Dark Secrets of the Oracle Monger

Article excerpt


I'm Daniel, the Editor of JUNIOR SKEPTIC. In this issue, we'll look at a mystery From almost 2000 years ago!

As you probably know, not every person who claims to have special powers is honest. For example, some people pretend to be able to see into the Future when they really use trickery instead. That's true today, and it was in the time of the ancient Roman Empire. How did such tricks work then--and has anything changed?

Let's Find Out


The Roman Empire was one of the greatest civilizations ever to exist. It was an empire so vast that it included lands all around the Mediterranean Sea and beyond, from North Africa to England--what are now the countries of Spain, France, Italy, Greece, Israel, and Egypt (among others). It lasted centuries.

During the and Century C.E. (a hundred-year period that began about 1,900 years ago) the Roman Empire was at the height of its power. Protected by its mighty armies, millions of people lived within the Empire's far-flung borders. For many of those people, it was a time of peace and prosperity.

But there were problems then, as there are now--for we are all human. There were rich Romans and poor. Without modern medicine, all Romans lived in terrible fear of dangerous diseases. And although the Empire had laws and courts, thieves and other criminals still managed to prey on people (just as they do today).

Some of these criminals used violence or threats to get what they wanted; others used stealth; and still others used clever trickery.

One especially slippery customer was Alexander of Abonoteichus--a scammer who set himself up as the head of a new religion in order to make money. According to a critical biography by a skeptical writer named Lucian of Samosata, Alexander was almost too low-down a criminal to immortalize in a book, even if the book was meant to expose his tricks. In Lucian's opinion, Alexander "does not deserve to have polite people read about him, but rather to have the motley crowd in a vast amphitheatre see him being torn to pieces by foxes or apes." (Romans used some awfully gruesome punishments.) Nonetheless, Lucian did write about Alexander--and we can learn a lot from that story of sly and wicked deeds.



Alexander shared a name with the famous conquerer Alexander the Great, who lived in an earlier age. But according to Lucian, the scheming Alexander he tangled with in his own day "was as great in villainy as the other in heroism." Lucian paints a portrait of a classic con artist (a person who uses trickery to cheat other people out of their money or possessions): Alexander was good-looking, clever, and utterly ruthless.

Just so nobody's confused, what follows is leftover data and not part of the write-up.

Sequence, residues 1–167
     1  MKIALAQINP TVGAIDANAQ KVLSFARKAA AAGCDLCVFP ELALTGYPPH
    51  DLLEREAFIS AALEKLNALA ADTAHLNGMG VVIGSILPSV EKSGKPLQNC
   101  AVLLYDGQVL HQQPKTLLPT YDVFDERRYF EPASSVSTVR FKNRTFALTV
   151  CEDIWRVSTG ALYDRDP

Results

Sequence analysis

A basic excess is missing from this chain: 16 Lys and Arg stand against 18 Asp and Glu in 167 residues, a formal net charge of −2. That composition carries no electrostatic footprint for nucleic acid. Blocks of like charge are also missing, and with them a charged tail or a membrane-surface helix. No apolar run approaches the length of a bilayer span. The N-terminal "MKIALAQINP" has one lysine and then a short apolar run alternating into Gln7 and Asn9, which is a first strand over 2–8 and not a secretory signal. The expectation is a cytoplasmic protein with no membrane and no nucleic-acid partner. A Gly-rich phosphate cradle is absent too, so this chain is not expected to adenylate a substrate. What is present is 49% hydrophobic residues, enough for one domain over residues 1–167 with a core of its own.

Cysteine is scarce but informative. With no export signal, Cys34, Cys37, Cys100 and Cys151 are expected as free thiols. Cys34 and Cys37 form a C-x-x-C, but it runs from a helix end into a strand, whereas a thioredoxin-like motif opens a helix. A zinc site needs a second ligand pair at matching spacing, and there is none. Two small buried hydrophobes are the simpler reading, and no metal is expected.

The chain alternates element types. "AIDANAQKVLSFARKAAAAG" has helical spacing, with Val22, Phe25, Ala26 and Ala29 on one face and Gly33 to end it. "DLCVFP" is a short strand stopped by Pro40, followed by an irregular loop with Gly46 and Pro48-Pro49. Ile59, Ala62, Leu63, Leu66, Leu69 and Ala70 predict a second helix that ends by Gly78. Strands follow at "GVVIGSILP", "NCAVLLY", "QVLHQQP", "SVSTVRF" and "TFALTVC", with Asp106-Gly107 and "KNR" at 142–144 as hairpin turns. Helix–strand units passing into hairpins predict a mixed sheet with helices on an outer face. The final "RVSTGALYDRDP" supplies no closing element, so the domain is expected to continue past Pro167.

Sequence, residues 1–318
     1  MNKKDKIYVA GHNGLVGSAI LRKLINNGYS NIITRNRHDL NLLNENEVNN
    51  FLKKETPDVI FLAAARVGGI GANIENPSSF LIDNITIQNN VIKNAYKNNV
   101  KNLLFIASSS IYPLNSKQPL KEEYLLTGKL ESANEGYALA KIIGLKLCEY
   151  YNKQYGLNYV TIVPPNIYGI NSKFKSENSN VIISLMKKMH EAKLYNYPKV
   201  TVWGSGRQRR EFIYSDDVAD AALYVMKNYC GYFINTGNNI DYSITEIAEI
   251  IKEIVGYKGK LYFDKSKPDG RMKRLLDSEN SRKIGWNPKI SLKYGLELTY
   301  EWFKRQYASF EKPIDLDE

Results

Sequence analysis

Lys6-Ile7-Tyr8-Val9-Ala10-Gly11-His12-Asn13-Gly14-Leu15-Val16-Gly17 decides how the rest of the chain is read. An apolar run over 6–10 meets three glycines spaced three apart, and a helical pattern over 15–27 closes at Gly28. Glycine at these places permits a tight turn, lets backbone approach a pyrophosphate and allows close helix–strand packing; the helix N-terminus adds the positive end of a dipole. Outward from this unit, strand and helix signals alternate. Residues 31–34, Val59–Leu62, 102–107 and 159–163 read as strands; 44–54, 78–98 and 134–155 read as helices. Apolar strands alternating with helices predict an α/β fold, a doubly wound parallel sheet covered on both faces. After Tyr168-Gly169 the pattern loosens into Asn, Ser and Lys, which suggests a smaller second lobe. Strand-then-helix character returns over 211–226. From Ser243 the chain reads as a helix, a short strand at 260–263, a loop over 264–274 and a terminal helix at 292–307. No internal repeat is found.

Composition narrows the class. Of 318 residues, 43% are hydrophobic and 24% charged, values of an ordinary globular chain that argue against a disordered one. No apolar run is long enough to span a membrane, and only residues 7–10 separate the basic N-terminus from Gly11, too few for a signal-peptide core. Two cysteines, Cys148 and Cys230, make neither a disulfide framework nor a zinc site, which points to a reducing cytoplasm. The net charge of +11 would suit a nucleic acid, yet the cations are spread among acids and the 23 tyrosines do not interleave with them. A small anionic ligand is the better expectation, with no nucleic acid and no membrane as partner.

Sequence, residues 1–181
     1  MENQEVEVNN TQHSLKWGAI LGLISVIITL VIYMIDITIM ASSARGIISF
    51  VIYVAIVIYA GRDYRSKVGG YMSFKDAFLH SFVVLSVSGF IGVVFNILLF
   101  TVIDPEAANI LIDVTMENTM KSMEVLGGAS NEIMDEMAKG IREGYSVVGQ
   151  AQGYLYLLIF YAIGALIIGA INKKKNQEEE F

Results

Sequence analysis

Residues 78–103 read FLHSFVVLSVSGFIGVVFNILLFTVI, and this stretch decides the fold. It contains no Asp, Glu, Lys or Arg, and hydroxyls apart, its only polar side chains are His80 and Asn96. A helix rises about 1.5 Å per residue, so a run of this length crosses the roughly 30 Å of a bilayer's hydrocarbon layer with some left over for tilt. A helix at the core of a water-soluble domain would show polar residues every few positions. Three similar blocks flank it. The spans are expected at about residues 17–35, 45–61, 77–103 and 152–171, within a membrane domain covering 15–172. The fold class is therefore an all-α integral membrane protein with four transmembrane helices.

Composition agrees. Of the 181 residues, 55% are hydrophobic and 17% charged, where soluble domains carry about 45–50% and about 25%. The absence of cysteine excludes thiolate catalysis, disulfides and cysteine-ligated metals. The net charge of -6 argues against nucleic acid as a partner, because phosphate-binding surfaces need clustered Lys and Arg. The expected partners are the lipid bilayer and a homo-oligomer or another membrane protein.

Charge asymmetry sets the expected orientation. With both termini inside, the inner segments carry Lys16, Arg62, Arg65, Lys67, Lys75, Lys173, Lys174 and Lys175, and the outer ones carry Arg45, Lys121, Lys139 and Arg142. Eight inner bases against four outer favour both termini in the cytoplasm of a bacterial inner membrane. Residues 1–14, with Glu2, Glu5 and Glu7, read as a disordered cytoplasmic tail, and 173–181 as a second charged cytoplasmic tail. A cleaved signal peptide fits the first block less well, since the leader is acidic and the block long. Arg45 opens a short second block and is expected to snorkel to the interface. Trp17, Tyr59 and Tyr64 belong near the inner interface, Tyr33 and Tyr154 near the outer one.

Lucian described him as "tall and handsome in appearance, and really godlike; his skin was fair, his beard not very thick ... his voice was at once very sweet and very clear.... " Indeed, so dazzling was his physical appearance that "no fault could be found with him in any respect as far as all that went." Nor was he just another handsome face: Alexander was also brilliant.

   In understanding, quick-wittedness, and penetration he
   was far beyond everyone else; and activity of mind,
   readiness to learn, retentiveness, natural aptitude for
   studies--all these qualities were his, in every case to the
   full. But he made the worst possible use of them, and
   with these noble instruments at his service soon became
   the most perfect rascal of all those who have
   been notorious far and wide for villainy...."

Alexander may have been ruthless on the inside, with a personality "made up of lying, trickery, perjury, and malice," but that isn't how he came across to other people. Like any good con artist, he seemed very trustworthy. (The "con" in con artist stands for the abilty to inspire "confindence" in other people that you can be trusted. …